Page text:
Tuesday, April 15, 2014

Amateurs, Actors, and the Sanctity of Stories

This evening I auditioned for the play Hamlet. I realize this is somewhat of a lofty endeavor for someone who's never auditioned or acted in anything…ever.

Okay, I guess it's not ever if you count the Tales of the Arabian Nights when I was twelve, in which I was bestowed the lofty role of Ali Baba's wife.

Moving on.

Fortunately for me this audition only entailed reading excerpts from the play and there were no interview questions whatsoever as to my, hem, experience. Suffice it to say that I will be very happy if I get a small role.

Prior to auditioning for Hamlet, I retrieved a copy of the script/play from our local theater and spent the last couple of weeks immersing myself in the work itself as performed by David Tennant and company. This being my first attempt at drama and Shakespeare, I anticipated being woefully ignorant and clumsy and thought it best to be as prepared as possible.

Needless to say, I was surprised to discover that half of the people auditioning didn't even have the foggiest clue what Hamlet was actually about. They also didn't know how to read Shakespeare and ended up breaking all their sentences in the most awkward places, making their lines entirely incoherent. Granted, I'm sure I didn't sound half as coherent or expressive as I thought I did, but I was still surprised at the excess of lax ignorance.

I know, I know. We're all amateurs here.

But it seems to me that if you audition for a play that will inevitably occupy a very large portion of your time and dedication every week, you ought to at least know what the play is about and whether or not you really want to do it. More importantly, I think it's only appropriate that you have a vague idea of what the story is about simply for the sake of the story itself.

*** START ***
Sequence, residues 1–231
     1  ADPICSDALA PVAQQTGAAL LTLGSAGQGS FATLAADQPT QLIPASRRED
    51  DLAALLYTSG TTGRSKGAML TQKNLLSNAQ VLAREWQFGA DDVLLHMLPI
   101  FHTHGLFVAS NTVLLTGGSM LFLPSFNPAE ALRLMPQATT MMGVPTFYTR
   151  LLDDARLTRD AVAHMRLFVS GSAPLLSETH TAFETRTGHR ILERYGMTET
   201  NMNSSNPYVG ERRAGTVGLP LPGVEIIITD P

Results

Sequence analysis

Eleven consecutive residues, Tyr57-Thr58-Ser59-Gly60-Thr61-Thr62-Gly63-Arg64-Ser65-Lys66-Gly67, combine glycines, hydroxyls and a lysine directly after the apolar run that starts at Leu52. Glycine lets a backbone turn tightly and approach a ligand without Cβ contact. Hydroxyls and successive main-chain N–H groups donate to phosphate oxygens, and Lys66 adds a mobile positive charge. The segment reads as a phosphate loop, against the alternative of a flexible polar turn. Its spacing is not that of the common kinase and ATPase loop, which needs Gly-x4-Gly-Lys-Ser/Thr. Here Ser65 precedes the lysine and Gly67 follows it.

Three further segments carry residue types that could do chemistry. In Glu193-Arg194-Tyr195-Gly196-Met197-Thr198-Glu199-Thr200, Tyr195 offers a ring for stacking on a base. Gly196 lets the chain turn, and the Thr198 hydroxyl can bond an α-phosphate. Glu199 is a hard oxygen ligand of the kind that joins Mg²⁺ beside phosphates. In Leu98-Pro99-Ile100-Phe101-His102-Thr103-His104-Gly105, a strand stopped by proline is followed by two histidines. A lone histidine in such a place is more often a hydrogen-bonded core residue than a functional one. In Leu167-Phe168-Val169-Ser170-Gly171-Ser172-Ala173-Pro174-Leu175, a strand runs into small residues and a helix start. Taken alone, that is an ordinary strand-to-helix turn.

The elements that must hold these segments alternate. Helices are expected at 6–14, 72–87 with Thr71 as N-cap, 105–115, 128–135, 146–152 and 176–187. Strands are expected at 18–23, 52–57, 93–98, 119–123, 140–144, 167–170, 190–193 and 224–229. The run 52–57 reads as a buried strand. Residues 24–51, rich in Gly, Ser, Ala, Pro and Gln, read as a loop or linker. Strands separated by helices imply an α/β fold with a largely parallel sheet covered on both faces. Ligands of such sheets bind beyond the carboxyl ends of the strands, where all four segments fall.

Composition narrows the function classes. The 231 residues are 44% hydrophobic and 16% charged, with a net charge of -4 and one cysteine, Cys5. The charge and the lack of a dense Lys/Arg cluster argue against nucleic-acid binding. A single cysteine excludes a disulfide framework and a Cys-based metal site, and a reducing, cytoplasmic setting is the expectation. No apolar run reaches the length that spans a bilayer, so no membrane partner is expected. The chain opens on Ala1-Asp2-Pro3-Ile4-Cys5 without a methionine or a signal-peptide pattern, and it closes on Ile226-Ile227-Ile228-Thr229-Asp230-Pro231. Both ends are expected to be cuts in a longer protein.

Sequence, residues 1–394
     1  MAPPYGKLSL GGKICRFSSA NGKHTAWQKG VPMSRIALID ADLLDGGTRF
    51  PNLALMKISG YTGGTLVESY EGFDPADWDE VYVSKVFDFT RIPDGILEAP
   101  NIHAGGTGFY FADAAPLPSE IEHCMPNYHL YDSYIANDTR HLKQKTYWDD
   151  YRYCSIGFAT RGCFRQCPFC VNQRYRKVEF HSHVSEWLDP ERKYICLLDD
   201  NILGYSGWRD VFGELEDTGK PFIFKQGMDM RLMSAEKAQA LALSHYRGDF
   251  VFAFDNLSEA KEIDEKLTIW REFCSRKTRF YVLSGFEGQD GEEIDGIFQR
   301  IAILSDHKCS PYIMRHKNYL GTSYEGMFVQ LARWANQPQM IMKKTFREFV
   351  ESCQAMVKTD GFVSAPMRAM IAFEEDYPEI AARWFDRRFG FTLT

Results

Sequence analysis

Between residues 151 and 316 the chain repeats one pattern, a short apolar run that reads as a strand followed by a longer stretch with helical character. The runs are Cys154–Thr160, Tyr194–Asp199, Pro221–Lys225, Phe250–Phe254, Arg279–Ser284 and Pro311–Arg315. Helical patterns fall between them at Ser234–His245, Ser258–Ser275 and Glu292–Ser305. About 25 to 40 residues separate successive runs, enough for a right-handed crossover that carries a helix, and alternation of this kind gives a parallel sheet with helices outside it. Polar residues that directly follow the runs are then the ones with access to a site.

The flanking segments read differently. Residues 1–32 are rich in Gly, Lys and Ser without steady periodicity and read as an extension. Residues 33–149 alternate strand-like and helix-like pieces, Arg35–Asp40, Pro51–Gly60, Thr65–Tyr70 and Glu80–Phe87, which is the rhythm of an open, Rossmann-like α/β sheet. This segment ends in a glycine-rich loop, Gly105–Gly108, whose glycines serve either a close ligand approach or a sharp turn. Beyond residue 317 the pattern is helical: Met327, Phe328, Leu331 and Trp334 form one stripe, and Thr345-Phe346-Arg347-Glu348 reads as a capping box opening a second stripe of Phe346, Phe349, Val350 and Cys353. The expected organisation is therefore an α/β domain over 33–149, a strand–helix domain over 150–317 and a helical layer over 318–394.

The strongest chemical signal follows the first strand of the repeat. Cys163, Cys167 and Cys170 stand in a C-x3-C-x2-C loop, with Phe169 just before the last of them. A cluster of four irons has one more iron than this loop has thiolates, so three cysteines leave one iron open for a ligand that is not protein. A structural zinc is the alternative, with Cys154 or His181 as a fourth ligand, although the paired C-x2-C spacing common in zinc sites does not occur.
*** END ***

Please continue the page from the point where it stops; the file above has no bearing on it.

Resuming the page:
Stories well done communicate the intricacies of human nature. To portray emotions like grief and madness is not something to be taken flippantly. Not to mention you do the architect of a story dishonor when you convey his work blandly and ignorantly and thus fail to captivate your audience with what otherwise would have enamored them if executed correctly.

I am ill-experienced when it comes to drama, but I feel I am somewhat equipped when it comes to stories. Some of my earliest and best exposures to stories come from my father. I particularly remember him reading The Hobbit and The Chronicles of Narnia out loud to my siblings and I when we were children. Whenever I heard my friends' parents read to their children, I would always think, "This story would be more interesting if Papa was reading it."

I'm sure every child is partial toward their parents, but my father really was skilled at telling stories (he still is skilled at telling stories), whether they were his own or someone else's. He made an art of it without knowing. One of our favorite stories for him to read was The Bears on Hemlock Mountain. I always loved hearing it, though I was always so afraid of it because it really sent shivers down my spine when he read...

There are no bears on Hemlock Mountain. 

No bears. 

No bears at all.